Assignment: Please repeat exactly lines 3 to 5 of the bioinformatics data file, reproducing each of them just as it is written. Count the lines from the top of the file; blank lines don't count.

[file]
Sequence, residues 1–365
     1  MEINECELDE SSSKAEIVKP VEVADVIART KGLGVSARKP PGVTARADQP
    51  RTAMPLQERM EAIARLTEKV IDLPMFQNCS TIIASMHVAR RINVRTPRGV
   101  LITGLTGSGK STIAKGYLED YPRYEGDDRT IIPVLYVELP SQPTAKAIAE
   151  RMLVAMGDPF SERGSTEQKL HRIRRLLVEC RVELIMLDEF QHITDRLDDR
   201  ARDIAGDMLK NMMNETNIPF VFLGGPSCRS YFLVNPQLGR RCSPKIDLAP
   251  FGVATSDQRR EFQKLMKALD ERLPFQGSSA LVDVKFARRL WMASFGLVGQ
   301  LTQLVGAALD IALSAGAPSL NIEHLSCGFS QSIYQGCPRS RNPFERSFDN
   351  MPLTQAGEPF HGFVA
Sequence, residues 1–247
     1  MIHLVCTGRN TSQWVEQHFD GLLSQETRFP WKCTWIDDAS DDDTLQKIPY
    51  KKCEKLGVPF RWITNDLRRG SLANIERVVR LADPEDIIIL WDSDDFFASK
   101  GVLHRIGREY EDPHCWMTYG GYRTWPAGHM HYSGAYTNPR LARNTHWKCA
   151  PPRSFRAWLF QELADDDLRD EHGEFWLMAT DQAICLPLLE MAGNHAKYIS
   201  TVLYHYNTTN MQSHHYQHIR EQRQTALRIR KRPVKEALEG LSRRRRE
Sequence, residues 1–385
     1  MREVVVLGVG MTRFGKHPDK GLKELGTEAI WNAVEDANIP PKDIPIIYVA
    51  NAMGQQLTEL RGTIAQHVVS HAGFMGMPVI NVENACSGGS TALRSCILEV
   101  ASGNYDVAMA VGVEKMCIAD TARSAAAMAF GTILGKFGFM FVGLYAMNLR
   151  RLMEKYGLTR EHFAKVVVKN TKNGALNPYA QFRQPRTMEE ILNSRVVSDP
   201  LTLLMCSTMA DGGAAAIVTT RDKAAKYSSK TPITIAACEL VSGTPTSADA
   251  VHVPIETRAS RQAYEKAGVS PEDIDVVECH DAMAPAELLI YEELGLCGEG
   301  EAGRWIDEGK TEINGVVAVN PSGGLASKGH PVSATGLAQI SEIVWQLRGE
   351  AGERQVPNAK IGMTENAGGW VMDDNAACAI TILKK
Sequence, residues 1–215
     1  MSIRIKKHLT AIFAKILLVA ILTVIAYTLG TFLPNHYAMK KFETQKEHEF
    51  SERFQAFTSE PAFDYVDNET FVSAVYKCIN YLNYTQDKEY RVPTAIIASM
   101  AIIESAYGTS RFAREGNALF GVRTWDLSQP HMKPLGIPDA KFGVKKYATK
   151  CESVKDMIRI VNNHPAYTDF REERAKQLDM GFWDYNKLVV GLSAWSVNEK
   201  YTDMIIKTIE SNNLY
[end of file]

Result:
    51  RTAMPLQERM EAIARLTEKV IDLPMFQNCS TIIASMHVAR RINVRTPRGV
   101  LITGLTGSGK STIAKGYLED YPRYEGDDRT IIPVLYVELP SQPTAKAIAE
   151  RMLVAMGDPF SERGSTEQKL HRIRRLLVEC RVELIMLDEF QHITDRLDDR